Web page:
EU talks aimed at reaching an agreement on a huge post-coronavirus recovery fund have stretched into a fourth day.
The main division is between countries hit hardest by the virus – such as Italy and Spain – and some EU members seeking to limit the size of the fund and stricter controls on its use.
They argue the proposed €750bn (£680bn; $857bn) package is too large and should be repayable loans, rather than grants.
The talks are reported to have been testy, with tempers flaring at times.
In the early hours of Monday, French President Emmanuel Macron reportedly banged his hand on the table and threatened to walk out of the discussions. However, as he arrived for the afternoon session, he said he was starting “with a lot of determination to make progress”.
Dutch Prime Minister Mark Rutte admitted leaders were “close to failure” and talks could still “fall apart”.
Discussions – which were originally scheduled to end on Saturday – are due to resume at 14:00 GMT (13:00 BST) for what is now the longest EU summit since Nice 2000, when talks lasted five days.
European Council President Charles Michel reminded the leaders that more than 600,000 people had died of the virus worldwide, and he hoped that the “headline tomorrow is that the EU has accomplished mission impossible”.
On Monday morning, the total number of confirmed cases of coronavirus was almost 14.5 million globally.
What’s hampering compromise?
EU leaders are trying to negotiate the stimulus package to help countries recover the pandemic at the same time as the bloc’s €1tn seven-year budget.
It was the first face-to-face meeting between leaders since governments began imposing lockdowns in a bid to stop the spread of the virus in March.
Member states are largely split between those hit hardest by the outbreak – and keen to revive their economies – and those more concerned about the costs of the recovery plan.
The self-proclaimed frugal four – Sweden, Denmark, Austria and the Netherlands – along with Finland, have been unwavering in their refusal to allow €500bn to be offered in the forms of grants to countries hardest-hit by the effects of Covid-19.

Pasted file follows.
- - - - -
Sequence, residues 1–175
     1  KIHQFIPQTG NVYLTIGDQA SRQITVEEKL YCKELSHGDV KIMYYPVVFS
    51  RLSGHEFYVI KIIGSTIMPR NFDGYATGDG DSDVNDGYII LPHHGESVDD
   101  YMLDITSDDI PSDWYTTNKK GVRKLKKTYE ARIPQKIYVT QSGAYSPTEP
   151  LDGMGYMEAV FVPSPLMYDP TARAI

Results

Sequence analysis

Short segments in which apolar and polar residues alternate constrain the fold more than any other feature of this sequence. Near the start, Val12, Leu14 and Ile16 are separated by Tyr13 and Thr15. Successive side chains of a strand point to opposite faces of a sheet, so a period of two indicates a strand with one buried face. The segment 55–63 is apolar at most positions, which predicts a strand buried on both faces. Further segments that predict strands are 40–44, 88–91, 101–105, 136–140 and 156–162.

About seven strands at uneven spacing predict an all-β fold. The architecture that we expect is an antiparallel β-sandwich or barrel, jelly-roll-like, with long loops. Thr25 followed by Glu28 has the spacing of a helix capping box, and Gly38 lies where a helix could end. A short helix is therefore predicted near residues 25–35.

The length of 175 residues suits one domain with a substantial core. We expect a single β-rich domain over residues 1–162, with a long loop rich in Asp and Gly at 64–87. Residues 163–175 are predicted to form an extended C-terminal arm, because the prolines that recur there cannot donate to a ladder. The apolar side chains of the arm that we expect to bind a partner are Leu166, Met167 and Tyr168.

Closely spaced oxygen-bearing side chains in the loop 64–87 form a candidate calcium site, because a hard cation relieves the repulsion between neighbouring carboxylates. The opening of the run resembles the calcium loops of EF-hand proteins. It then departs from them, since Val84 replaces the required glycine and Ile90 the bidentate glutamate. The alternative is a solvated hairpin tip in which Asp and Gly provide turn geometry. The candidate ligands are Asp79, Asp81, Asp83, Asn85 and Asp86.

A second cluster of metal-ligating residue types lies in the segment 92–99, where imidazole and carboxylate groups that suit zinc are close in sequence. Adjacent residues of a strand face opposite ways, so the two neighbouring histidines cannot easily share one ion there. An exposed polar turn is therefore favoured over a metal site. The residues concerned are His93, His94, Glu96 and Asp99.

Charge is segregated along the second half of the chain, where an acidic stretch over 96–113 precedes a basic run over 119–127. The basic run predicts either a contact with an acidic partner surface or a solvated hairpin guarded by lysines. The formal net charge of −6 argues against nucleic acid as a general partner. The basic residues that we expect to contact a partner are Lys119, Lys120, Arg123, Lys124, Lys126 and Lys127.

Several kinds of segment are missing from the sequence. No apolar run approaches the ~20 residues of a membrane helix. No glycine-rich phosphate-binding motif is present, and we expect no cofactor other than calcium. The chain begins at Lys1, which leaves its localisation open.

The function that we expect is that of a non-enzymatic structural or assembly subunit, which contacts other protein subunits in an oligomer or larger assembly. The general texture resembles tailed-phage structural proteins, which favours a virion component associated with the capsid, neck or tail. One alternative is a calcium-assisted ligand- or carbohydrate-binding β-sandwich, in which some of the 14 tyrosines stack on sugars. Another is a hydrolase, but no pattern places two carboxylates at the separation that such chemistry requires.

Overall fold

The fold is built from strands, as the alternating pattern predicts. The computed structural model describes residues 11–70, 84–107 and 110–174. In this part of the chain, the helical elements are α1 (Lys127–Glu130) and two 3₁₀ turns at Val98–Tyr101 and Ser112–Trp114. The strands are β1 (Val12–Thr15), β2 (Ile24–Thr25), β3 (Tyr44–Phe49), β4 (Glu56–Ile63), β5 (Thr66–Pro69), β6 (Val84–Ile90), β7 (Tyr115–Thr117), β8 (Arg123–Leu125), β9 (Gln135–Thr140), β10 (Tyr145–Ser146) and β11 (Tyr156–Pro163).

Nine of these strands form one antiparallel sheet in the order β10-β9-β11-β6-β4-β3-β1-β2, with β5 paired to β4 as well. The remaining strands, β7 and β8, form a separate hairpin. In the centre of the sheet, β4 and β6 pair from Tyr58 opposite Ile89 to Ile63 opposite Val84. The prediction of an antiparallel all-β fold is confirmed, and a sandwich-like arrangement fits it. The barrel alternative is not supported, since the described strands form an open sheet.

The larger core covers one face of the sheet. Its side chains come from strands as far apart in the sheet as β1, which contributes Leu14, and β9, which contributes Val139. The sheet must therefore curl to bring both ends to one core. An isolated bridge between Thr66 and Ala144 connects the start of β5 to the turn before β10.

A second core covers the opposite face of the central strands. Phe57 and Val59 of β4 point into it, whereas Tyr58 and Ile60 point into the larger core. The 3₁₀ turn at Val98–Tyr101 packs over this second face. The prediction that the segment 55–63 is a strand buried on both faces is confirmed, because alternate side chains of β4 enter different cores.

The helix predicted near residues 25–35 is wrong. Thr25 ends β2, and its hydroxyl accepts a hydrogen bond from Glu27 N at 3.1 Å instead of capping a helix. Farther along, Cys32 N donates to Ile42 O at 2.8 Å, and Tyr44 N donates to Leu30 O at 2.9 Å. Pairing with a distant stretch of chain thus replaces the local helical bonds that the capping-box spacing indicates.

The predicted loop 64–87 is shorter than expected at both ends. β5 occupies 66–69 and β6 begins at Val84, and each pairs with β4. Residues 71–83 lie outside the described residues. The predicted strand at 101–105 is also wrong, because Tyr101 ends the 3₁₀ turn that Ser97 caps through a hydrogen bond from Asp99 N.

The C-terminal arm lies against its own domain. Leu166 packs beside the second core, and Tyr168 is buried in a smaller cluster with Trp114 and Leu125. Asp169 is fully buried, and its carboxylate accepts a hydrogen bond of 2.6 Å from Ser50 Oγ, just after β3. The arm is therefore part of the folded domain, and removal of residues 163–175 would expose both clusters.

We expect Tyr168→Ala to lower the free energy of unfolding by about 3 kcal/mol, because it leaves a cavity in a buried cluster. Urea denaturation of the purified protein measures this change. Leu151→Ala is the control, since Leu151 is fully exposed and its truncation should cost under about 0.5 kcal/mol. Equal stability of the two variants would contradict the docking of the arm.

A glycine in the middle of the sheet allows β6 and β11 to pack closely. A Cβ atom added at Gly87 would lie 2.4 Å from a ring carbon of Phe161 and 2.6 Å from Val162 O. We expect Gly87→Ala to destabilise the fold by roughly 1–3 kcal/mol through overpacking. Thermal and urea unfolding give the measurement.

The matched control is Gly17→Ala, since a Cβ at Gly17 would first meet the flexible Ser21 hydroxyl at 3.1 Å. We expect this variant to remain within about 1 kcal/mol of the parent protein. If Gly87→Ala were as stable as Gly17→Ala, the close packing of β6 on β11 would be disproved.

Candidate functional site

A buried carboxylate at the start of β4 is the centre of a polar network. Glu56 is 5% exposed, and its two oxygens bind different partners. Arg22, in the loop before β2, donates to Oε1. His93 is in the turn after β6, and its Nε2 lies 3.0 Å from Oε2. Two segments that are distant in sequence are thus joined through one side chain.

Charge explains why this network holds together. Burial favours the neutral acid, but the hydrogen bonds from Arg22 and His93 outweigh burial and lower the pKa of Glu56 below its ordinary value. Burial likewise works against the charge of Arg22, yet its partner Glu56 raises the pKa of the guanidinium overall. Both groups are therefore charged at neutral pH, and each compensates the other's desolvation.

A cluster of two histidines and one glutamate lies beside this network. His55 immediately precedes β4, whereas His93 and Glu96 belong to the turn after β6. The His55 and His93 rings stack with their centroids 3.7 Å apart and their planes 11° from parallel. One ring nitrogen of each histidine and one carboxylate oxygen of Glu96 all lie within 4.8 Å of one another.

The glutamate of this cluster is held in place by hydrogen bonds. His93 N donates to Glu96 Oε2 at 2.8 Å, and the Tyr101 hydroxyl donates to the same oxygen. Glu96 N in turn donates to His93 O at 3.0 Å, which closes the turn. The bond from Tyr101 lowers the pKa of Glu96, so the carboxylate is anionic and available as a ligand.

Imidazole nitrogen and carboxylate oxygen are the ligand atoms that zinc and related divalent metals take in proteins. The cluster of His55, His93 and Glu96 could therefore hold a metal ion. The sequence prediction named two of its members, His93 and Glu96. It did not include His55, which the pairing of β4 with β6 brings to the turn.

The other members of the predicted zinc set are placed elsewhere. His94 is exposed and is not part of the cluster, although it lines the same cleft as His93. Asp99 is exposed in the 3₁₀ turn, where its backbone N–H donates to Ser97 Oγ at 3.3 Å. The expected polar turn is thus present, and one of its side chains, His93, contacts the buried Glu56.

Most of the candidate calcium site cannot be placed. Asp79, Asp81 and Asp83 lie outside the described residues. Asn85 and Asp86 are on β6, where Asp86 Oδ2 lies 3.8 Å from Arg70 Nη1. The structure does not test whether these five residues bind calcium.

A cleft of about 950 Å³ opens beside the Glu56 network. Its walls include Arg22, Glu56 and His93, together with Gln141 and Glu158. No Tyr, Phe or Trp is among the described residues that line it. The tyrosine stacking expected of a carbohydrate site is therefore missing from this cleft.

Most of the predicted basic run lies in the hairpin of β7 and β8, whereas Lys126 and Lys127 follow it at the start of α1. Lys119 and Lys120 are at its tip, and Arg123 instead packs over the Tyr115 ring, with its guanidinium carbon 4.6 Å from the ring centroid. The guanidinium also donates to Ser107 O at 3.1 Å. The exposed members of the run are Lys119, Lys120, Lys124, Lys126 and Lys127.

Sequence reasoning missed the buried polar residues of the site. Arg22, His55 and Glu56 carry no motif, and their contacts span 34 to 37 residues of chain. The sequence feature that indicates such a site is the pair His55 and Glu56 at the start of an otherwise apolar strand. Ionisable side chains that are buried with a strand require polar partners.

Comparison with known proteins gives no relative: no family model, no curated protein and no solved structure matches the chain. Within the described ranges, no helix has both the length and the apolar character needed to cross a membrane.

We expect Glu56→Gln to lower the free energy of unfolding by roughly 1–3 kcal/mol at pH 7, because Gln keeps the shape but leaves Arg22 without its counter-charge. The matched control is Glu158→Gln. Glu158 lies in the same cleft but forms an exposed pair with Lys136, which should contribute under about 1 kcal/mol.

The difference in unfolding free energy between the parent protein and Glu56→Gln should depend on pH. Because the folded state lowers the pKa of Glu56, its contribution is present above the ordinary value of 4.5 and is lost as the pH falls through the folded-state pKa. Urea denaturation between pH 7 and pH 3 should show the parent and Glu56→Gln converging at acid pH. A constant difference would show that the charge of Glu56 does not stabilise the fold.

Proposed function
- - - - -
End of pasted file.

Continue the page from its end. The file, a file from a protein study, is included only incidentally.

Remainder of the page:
Led by Mr Rutte, they now say that €375bn is as far as they will go, plus conditions including the right to block requests. The others, including Spain and Italy, are refusing to go below €400bn.
Italy in particular was one of the earliest European countries to suffer an outbreak and has recorded 35,000 deaths – one of the highest tolls in the world. Italian PM Giuseppe Conte said Europe was “under the blackmail of the ‘frugals’” and described negotiations as “heated”.
The new proposal being put on the table is €390bn. A tweet by Austrian Chancellor Sebastian Kurz suggested there were signs of progress.
On Sunday, Hungarian PM Viktor Orban accused Mr Rutte of a personal vendetta and of trying to link financial help to political issues. Mr Orban, and his ally Poland, have threatened to veto the package if it adopts a policy of withholding funds from nations who do not meet certain democratic principles.
This is now the longest European summit since Nice 20 years ago, which went into day five when leaders agreed to expand the membership. This time around, money is at the heart of the negotiations and the issue of trust is the cause of the quarrelling.
Tempers have flared, and there has been some name calling, too. Mostly at the Dutch leader, Mark Rutte. Bulgaria’s leader Boyko Borissov accused Mr Rutte of “acting like the policeman of Europe”. Hungary’s Viktor Orban said, “It’s Dutch guy who’s to blame… I don’t know why he dislikes us.”
French officials tell me President Macron “banged his fists” on the table , as he told the “frugal four” that he thought they were putting the European project in danger. An Italian diplomat said Prime Minister Conte told Mr Rutte: “You might be a hero in your home country for a few days. But after a few weeks you will be held responsible for blocking an effective European response to Covid-19.”
These negotiations may become known unofficially as the “stiff-leg summit” – a term being used by the Dutch here meaning that Mr Rutte has been sticking to his guns.
There was a notable show of social-distancing etiquette when the leaders first arrived, faces covered by masks. But photos from Sunday evening show that the masks have slipped, along, it seems, with their approach to diplomacy.